Reading: Chapter 2 – Intellectual Antecedents
The Rembrandt painting became an icon for Nouwen, a gate through which he could walk into the house of God. But he could only do so because he
had been practicing that kind of seeing for a very long time. (p. 42)
What a wonderful first week of sharing! Thanks to each of you for your thoughtful comments on our reading and your kind exchanges with each other. It is rewarding to learn how Henri’s readers respond to Gabrielle’s insights and to see how that deepens our understanding of Henri and his work.
This week Gabrielle helps us “see” Henri and his spiritual classic in a new way by introducing us to the techniques and disciplines Henri himself practiced to “see” the world and its people. She probes how Henri’s refined ability to enter into a piece of art through the practice of visio divina or “divine seeing” empowered him to place himself into Rembrandt’s painting—first as an observer and then as each of the main characters. The icon to the left is the one that Gabrielle mentions as she begins the chapter.
Henri’s artistic vision was complemented and enhanced by his doctoral studies in psychology where he mastered the approach pioneered by Anton Boisen to see a person as a “living human document” where our life experiences are written. Henri’s profound insights about Rembrandt’s painting and his own journey result from his “divine seeing” of the “living human documents” that he encountered by gazing at Rembrandt’s masterpiece.
We have the opportunity to apply our newfound understanding of how Henri saw the world as we continue our summer discussion together. We are interested in hearing whatever you gained from the reading. Here are some excerpts and questions that might prompt your thinking.
- Nouwen was on the lookout for “glimpses” of God at all times. (p. 35) . . . (H)e didn’t simply see a beautiful painting–he walked through the gate and into the outstretched arms of the father. (p. 38) When and where have you seen “glimpses” of God on your spiritual journey? Is visio divina a prayer technique you use or might be interested in considering? When you are visit an art museum, are you more like Henri or Sue?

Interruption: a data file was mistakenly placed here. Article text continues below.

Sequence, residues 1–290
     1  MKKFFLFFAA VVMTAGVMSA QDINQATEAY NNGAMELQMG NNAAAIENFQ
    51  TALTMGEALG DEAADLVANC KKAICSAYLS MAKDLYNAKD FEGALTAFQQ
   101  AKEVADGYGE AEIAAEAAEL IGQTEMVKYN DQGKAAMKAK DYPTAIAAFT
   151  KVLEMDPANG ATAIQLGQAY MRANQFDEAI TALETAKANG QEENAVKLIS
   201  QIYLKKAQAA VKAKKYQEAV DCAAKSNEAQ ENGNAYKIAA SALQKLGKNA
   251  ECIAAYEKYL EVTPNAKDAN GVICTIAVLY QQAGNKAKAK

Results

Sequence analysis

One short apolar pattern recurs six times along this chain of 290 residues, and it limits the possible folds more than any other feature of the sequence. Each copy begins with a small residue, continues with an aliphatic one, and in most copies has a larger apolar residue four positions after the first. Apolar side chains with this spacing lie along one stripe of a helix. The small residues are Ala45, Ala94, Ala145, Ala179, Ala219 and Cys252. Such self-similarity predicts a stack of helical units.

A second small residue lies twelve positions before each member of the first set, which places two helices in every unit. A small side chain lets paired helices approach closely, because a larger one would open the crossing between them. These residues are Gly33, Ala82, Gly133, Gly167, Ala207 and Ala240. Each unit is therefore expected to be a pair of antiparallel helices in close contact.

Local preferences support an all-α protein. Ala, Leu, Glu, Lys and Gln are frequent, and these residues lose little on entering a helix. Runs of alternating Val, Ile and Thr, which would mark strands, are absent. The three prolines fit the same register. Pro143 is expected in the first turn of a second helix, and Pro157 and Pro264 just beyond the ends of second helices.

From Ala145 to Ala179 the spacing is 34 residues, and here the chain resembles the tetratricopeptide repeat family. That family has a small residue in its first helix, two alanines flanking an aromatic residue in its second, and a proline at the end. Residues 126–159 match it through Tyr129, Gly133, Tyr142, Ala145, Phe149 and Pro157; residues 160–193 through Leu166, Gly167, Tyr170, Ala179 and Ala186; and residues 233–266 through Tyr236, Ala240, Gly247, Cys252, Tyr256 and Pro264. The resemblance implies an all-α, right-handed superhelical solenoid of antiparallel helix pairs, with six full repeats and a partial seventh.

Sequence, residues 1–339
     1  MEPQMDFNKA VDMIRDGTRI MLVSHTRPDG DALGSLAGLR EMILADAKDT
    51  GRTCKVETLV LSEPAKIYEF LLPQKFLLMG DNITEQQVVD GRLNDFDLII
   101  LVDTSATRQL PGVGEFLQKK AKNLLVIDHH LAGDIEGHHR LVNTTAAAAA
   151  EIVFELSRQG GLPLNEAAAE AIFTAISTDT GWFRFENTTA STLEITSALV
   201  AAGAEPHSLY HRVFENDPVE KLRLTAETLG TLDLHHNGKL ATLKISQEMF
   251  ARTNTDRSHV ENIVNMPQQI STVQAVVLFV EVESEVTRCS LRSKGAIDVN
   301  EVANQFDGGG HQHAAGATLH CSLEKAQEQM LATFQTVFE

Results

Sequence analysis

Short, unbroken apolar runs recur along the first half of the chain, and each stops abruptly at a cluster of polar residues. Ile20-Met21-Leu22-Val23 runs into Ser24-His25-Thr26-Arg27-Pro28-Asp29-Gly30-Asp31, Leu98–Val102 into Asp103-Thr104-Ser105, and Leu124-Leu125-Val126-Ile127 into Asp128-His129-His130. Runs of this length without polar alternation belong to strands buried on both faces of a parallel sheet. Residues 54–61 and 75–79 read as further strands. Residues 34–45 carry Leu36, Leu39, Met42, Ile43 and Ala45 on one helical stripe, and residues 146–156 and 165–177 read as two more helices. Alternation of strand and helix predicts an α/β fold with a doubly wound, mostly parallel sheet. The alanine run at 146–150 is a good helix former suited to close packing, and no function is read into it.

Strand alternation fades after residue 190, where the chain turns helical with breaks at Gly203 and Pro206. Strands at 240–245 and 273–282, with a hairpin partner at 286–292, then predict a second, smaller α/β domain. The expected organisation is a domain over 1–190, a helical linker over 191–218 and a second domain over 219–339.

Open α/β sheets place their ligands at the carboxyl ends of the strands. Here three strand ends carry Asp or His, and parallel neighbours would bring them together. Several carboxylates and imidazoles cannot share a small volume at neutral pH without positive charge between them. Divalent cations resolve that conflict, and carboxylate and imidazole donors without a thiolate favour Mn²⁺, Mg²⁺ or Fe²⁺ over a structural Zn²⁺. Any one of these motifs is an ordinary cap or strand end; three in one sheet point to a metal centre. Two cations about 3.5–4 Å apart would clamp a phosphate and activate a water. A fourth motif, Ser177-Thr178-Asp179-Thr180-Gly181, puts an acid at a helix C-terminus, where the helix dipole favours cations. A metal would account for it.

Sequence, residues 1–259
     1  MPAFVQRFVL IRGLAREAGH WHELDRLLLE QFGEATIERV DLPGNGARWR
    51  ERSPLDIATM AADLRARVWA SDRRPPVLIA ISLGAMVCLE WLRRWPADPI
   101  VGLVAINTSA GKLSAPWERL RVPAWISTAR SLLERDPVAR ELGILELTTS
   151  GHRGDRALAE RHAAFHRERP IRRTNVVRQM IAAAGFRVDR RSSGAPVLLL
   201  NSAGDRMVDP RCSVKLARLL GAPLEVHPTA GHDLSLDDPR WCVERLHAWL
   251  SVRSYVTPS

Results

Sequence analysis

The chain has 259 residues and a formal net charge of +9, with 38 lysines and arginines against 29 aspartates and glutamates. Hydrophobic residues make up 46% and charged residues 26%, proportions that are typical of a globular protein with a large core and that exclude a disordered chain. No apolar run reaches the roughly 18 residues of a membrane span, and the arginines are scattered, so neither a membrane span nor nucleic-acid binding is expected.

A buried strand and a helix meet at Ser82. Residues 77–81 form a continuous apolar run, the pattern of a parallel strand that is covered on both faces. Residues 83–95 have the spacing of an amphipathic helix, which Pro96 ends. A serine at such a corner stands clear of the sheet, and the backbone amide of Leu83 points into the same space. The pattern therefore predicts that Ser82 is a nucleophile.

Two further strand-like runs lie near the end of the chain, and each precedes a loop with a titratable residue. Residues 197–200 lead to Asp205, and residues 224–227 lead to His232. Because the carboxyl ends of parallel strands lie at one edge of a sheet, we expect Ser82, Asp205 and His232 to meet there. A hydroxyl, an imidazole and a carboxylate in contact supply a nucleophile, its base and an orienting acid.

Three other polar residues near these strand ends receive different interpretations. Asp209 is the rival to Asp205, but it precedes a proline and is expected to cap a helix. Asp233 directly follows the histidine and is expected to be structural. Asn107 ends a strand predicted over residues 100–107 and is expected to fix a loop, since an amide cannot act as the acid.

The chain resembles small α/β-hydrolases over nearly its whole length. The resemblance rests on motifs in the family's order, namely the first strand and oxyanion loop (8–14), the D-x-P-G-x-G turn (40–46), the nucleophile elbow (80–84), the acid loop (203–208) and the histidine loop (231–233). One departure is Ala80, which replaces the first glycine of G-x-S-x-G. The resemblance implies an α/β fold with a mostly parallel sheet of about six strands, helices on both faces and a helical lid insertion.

- Perhaps more suitable than any other definition of who he (Henri) was is the term “artist.” (p. 41) (Be sure to read footnote 37 too.) Gabrielle Earnshaw never met Henri Nouwen. She is sharing her insights after two decades of “living with” Henri’s work and speaking with many people who knew him intimately. Does thinking of Henri as an artist help you better understand him, his work, and his impact on you and other readers?
- “When I left I was very thankful that I had had the opportunity to meet this man whose suffering had become a source of creativity.” (p. 47) Gabrielle carefully reflects on Henri’s notes written after his visit with Anton Boisen. Does this give you new insight into Henri, help you to better appreciate the The Return. . . and the impact that book or other Nouwen books may have had on your spiritual journey?
- In seven important ways, Nouwen stood on the shoulders of Boisen while writing The Return of the Prodigal Son. (p. 57) Gabrielle briefly describes each of the seven themes where Nouwen built on the work of Boisen. What is your response to Gabrielle’s analysis? Does her assessment help you to better understand Henri and The Return of the Prodigal Son?
You are invited to share whatever is on your heart and mind–your thoughts on the reading, a reply to the questions, or a response to another’s comment. If you are following along silently, you are most welcome here.
May we all be blessed by another week of sharing.